1804 – The Lewis and Clark Expedition begins.
June-July, 1804 – Lewis and Clark camp at several points in the Leavenworth area on the Kansas side of the Missouri River.
July 4, 1804 – At present-day Atchison, Lewis and Clark celebrated the first Independence Day in Kansas by firing a swivel gun. Later they named Independence Creek and closed the day with another cannon blast.
July 15, 1806 – Lieutenant Zebulon Pike of the U.S. Army leaves St. Louis, Missouri. He will soon cross Kansas on an exploring expedition during which he met with the Indians and signed treaties with them as the representative of the new “White Father.” He continued westward on this journey to discover the mountain that is now called Pike’s Peak. He labels Kansas “the Great American Desert” on his maps.
September 26, 1806 – The first American flag is raised in Kansas by a Pawnee Indian Chief.
1811 – George C. Sibley, a government trader, works among Osage Indians.
1812 – Missouri Fur Company dissolves and is succeeded by the American Fur Company, which concentrates in Kansas.
1819 – Stephen H. Long of the topographical engineers, leads a party to explore portions of Kansas. The Western Engineer was the first steamer to enter the Kansas River.
1820s – The Kansas area is set aside as Indian territory by the U.S. government and closed to settlement by whites.
A band of as many as 1,500 Pawnee live in 40-50 earth lodges in the spring and fall, in the large fortified village of Kitkehahki. During the winter and summer, they travel through western Kansas, living in tipis and replenishing their meat supply through successful buffalo hunts.
1820 – Two Presbyterian missions are established for the Osage Indians: the Union on the Neosho River and the Harmony on the Marais des Cygnes River.
September 1, 1821 – William Becknell, a Missouri trader, was the first to follow the route that later became known as the Santa Fe Trail. This event was the official opening of the Santa Fe Trail. Overland trails helped the nation expand to new territories and initiate trade with neighboring countries.
After a brief period as part of Missouri Territory, Kansas returned to unorganized status.
1822 – William Becknell used wagons instead of pack mules or horses to haul trade goods over the Santa Fe Trail. Because Becknell found a good mode of transportation and a passable wagon route, he is credited as the Father of the Santa Fe Trail.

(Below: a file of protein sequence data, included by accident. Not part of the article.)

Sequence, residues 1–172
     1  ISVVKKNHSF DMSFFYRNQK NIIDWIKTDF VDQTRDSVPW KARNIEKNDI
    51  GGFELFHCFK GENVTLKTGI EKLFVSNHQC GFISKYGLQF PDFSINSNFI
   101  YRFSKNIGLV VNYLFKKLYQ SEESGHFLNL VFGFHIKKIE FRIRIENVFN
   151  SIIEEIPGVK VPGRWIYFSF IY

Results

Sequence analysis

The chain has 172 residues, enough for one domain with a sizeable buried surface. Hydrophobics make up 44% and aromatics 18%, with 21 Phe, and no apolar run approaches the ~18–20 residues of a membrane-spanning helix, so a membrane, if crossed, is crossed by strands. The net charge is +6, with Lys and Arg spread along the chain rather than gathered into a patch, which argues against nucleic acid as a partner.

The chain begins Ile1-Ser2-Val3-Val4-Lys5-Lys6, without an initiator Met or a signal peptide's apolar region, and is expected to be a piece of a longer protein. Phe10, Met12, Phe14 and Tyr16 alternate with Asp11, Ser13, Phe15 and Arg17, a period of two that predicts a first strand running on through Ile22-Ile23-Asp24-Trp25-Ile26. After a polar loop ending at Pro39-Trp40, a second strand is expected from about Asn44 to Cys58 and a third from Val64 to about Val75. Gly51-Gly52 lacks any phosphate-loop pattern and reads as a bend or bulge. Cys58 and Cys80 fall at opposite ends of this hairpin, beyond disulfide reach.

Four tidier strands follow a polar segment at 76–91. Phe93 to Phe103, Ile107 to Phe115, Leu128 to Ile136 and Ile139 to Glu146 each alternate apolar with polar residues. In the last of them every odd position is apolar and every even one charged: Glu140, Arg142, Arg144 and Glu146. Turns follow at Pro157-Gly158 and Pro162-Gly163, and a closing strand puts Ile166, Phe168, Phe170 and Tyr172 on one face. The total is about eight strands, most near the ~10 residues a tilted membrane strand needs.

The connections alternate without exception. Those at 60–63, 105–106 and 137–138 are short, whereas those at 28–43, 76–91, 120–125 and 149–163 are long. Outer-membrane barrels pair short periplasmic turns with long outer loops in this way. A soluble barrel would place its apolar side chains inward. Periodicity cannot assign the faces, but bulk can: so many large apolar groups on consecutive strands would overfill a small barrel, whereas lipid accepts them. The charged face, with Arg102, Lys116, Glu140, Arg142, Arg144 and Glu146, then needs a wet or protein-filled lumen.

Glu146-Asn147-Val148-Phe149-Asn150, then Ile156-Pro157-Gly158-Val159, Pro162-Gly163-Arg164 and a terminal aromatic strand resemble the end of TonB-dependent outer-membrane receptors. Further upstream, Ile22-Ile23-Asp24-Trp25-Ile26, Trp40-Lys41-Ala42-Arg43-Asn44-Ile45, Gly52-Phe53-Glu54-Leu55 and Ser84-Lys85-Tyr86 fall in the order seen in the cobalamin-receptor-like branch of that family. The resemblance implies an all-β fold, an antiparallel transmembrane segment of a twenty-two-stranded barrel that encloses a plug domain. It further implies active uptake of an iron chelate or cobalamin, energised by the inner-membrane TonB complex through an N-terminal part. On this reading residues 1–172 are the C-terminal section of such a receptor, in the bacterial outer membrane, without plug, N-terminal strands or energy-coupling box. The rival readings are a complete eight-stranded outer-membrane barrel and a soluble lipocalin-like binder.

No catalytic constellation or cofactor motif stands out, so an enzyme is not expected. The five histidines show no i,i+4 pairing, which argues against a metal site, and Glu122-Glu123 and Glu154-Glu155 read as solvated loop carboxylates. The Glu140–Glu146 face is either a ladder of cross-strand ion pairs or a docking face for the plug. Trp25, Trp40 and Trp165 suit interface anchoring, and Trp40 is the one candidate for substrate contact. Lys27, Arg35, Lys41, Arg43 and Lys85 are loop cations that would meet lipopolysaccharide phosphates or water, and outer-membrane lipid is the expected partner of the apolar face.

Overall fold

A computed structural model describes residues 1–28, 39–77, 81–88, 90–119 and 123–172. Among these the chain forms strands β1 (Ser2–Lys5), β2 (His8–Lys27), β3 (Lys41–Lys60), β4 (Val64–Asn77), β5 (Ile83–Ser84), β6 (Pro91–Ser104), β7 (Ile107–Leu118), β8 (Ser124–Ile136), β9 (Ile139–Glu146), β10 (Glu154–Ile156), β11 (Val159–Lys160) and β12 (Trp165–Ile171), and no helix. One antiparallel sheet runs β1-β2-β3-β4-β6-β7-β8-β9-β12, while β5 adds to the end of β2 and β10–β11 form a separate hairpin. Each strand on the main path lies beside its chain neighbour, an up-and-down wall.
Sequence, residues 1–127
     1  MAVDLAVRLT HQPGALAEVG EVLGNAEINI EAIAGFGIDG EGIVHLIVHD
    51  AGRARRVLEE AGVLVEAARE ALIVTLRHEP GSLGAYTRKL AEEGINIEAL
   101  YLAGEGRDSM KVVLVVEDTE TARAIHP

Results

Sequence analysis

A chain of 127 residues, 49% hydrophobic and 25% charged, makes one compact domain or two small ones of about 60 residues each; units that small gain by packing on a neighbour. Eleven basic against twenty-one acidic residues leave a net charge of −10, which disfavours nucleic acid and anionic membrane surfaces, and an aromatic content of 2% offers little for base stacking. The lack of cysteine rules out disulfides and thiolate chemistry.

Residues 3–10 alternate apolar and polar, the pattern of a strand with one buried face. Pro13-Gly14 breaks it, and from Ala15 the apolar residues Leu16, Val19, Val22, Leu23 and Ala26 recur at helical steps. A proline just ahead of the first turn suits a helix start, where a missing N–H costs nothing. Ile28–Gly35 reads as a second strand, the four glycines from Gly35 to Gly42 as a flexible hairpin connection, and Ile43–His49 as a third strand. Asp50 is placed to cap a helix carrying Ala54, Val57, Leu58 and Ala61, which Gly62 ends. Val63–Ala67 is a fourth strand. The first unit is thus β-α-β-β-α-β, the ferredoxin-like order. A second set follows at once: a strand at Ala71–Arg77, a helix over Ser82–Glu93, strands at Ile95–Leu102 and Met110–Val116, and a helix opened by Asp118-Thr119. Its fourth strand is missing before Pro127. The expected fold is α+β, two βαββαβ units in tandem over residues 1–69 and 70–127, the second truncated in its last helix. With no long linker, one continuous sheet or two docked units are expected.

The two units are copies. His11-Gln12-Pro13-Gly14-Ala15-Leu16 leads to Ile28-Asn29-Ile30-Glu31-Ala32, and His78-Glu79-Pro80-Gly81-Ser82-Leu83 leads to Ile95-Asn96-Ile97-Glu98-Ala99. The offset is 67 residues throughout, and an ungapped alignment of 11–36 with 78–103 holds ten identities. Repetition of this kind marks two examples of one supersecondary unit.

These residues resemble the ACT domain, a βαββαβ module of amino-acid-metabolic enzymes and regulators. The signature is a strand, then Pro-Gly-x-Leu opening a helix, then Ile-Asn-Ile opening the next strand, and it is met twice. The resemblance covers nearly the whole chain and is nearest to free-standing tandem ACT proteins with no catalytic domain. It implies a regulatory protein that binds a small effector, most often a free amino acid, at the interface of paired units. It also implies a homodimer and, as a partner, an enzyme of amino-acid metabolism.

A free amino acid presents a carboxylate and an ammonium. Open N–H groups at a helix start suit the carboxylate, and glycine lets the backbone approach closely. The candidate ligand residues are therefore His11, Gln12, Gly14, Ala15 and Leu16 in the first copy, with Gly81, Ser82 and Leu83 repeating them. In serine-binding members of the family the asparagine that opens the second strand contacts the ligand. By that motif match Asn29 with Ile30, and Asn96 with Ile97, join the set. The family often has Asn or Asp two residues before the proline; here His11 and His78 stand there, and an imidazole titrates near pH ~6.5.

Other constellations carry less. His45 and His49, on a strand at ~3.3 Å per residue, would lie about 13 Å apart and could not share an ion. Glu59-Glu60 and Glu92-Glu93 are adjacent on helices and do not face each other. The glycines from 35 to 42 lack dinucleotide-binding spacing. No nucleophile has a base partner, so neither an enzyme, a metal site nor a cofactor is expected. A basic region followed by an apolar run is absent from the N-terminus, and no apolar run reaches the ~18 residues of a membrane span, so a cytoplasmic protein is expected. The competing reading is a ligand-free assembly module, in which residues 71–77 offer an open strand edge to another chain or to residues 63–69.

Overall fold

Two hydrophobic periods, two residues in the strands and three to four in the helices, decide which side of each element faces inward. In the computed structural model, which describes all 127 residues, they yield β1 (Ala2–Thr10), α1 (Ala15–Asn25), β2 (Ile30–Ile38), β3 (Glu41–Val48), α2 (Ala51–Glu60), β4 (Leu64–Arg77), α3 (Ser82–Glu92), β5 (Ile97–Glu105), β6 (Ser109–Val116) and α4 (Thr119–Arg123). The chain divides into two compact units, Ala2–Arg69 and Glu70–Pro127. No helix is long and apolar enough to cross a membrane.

1823 – The boundary between Missouri and Kansas is definitely fixed.
June 1825 – Treaties were negotiated between the federal government and the Kanza and Osage tribes for a cession of Kanza-Osage land onto which eastern Indians could be moved. A right-of-way for the Santa Fe Trail was also granted with Osage Indians at Council Grove.
November 7, 1825 – Missouri Shawnee Indians were the first Native Americans removed to the territory by treaty.
1827 – The government sends Daniel Morgan Boone to teach agriculture to Indians; Boone locates on land in what is now Jefferson County.
May 8, 1827 – Fort Leavenworth, first known as Cantonment Leavenworth, was established by Colonel Henry Leavenworth on the Kansas side of the Missouri River as an army post to protect the western frontier and travelers on the Santa Fe Trail.
August 22, 1827 – The first white child born in Kansas was Napoleon Boone, son of Daniel Morgan Boone, at an Indian agency.
1829 – William L. Sublette’s pack train, heading westward by way of Independence, Missouri, for the first time, traveled out the Santa Fe Trail some distance before turning northwest toward the Kansas River. This would become the established Oregon-California Trail route.
The Delaware Indians are moved to Kansas.
1830 – William L. Sublette took the first wagons along the Oregon Trail to the Rocky Mountains.
May 1830 – The Indian Removal Bill of 1830 uprooted the Kickapoo, Shawnee, Delaware, Potawatomi, Wyandot, Ottawa, Chippewa, Iowa, Miami, and Sac and Fox tribes from their homes in the southeast United States, forcing them to move west of the Mississippi River